Job losses were heavy among teachers, counselors, assistant principals, supportive services assistants, and secretaries. Only 126 counseling positions were restored by the start of school; last year the District had 362 counselors. Nearly half the schools in the city will be dependent on a team of 16 roving counselors. Schools were understaffed for much of the summer and are dealing with the loss of multiple key personnel. Class sizes are larger, and the year starts with 100 split-grade classrooms. However, most of the 1,200 noontime aides initially laid off have been rehired.
Wasn’t there a plan to avoid this crisis?
The District had hoped to close its $304 million gap and avert cuts through a combination of new revenues and labor concessions, but instead had to put in place a “doomsday budget” with more than $250 million in cuts. Superintendent William Hite had asked the state and city in March to come up with a combined $180 million in new revenues for the District. But Gov. Corbett’s June “rescue plan” contributed little new revenue for this year and put strings on a $45 million grant so it has not yet been received. At best, the District is now hoping to end up with $112 million in new revenues beyond what was in its budget on May 31. Most of that will come from city taxpayers.
Hite’s plan had also called for major concessions from District staff – $133 million in savings, which represents a 10 percent overall cut in pay and benefits. The teachers’ union is being asked to produce most of those savings but has said that its members cannot afford such deep cuts. Any savings achieved could be used to restore the cuts made this summer.
What was in Gov. Corbett’s rescue plan?
For this year, his plan included a meager $2 million increase in basic education funding and a $45 million grant that the governor says is contingent on labor concessions. The big ticket item in the plan is for future years: The state legislature gave the city permission to continue charging its residents an extra 1 percent in sales tax – a surcharge that was scheduled to expire next year. The first $120 million annually in proceeds from this surcharge can be devoted to the schools, starting in 2014. For this year, the legislation included provisions for the city to borrow $50 million against the future proceeds from the tax. Mayor Nutter wants to proceed with borrowing, but City Council opposes that, saying that the city should instead take control of and sell vacant District properties to raise $50 million. Either way, the District is now counting on the $50 million.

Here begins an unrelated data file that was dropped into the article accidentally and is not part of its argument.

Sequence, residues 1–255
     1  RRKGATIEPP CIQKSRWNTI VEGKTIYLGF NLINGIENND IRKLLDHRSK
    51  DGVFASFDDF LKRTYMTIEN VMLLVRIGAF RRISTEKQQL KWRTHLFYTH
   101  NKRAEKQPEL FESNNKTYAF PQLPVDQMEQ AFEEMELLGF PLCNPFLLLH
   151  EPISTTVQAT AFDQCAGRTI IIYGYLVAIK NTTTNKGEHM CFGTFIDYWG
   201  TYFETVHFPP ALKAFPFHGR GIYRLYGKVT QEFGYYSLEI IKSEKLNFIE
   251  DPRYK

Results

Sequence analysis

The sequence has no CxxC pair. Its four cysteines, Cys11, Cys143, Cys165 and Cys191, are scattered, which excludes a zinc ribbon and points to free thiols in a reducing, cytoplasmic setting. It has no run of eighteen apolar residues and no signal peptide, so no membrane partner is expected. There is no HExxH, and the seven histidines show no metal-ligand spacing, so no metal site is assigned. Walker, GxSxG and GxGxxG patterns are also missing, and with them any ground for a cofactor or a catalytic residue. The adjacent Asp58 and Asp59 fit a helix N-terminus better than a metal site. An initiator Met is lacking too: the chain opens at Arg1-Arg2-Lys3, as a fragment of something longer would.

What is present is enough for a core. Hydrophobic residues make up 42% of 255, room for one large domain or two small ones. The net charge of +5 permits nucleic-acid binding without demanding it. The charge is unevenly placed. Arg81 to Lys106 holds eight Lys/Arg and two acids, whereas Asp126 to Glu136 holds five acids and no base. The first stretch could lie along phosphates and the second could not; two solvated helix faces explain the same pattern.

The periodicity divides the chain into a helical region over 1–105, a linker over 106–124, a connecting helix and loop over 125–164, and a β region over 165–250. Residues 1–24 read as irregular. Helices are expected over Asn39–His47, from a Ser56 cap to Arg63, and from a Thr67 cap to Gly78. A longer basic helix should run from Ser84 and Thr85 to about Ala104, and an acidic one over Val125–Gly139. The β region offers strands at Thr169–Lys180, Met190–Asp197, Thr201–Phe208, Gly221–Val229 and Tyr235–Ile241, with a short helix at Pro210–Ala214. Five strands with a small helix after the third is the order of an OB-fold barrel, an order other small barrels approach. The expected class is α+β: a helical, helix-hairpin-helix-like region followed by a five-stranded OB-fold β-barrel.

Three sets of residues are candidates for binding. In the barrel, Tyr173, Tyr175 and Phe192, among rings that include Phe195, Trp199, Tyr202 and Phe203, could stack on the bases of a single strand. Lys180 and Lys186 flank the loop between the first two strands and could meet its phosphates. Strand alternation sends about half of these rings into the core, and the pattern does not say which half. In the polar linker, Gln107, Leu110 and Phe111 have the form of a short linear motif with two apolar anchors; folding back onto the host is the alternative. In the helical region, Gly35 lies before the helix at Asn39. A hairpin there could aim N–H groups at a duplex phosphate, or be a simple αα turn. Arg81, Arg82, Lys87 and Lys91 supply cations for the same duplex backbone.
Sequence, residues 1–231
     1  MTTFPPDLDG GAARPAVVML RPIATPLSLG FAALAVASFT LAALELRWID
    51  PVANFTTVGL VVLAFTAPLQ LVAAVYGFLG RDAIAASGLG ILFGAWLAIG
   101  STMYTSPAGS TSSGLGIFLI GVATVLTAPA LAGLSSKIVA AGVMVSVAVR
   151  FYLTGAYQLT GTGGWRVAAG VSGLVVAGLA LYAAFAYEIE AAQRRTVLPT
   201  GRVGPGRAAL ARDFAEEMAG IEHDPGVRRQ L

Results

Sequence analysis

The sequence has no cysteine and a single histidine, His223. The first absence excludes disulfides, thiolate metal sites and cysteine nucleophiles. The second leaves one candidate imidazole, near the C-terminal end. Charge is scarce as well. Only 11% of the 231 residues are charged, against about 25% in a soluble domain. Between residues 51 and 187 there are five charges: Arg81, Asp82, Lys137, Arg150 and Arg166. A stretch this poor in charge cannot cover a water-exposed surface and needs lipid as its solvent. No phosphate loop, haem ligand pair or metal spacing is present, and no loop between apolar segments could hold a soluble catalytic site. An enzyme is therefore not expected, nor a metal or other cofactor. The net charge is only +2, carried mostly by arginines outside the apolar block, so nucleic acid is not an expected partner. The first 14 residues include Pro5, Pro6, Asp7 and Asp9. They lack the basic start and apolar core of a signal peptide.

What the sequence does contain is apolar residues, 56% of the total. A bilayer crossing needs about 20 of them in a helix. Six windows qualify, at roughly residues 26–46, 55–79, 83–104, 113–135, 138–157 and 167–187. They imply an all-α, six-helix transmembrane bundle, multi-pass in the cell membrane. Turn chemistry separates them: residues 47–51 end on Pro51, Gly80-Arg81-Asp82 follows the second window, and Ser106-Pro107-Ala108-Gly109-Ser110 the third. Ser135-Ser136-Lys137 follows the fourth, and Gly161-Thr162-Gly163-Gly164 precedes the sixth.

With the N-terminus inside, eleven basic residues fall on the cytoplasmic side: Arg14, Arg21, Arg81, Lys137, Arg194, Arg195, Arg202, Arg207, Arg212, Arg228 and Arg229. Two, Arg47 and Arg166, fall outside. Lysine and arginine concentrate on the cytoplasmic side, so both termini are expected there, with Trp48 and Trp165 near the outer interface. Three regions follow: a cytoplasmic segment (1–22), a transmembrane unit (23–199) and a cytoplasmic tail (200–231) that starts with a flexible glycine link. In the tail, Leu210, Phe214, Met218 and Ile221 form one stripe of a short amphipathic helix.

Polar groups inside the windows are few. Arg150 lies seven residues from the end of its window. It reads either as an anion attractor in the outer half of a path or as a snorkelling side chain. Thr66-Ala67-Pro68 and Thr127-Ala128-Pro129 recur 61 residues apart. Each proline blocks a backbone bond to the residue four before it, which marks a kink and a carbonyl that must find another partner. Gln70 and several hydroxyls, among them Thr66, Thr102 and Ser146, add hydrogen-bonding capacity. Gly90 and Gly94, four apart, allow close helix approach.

So what happened to the budget gap?
Technically it has been eliminated. By putting in place its doomsday budget and planning to spend down its modest reserves, the District balanced its budget for 2013-14. Officials now project that there will be enough money to operate through June 2014 and end the fiscal year with zero fund balance. But they would like to restore staff and programs that have been cut, and they say they cannot afford to do that now because they will not spend funds that aren’t secured yet.
What’s the District’s plan now?
The District has so far restored $83 million in cuts with funds secured since June. Now its strategy is to get deep financial concessions from the teachers’ union and three other unions and use the savings to rehire additional staff that were lost. Officials say the priority would be to restore instructional staff. Restoring the 156 counselors who were cut from the operating budget would cost $17 million. Instrumental music teachers and sports were restored for the fall; bringing them back for the whole year would cost nearly $8 million more.
Whether the District intends to impose changes to the pay scale or other contract terms on its unions if it cannot reach agreement at the bargaining table is unknown. Such a move would surely prompt a court battle.
Can’t anyone else come to the aid of the schools?
Advocacy groups and some local elected officials have been pressuring the governor to release the $45 million grant, but the Corbett administration is adamant that it wants to see a reformed teachers’ union contract first. Other than the proposal to sell District properties, there has been little movement in City Hall to identify new strategies to raise funds for schools this school year.
At the state level, the legislature failed to vote in June on authorizing a proposed new cigarette tax approved by Philadelphia City Council. That proposal could be considered in the fall but faces opposition from anti-tax forces. In the long term, advocates hope that the state will re-establish a funding formula to aid struggling districts across the state. But that won’t happen in time for this school year.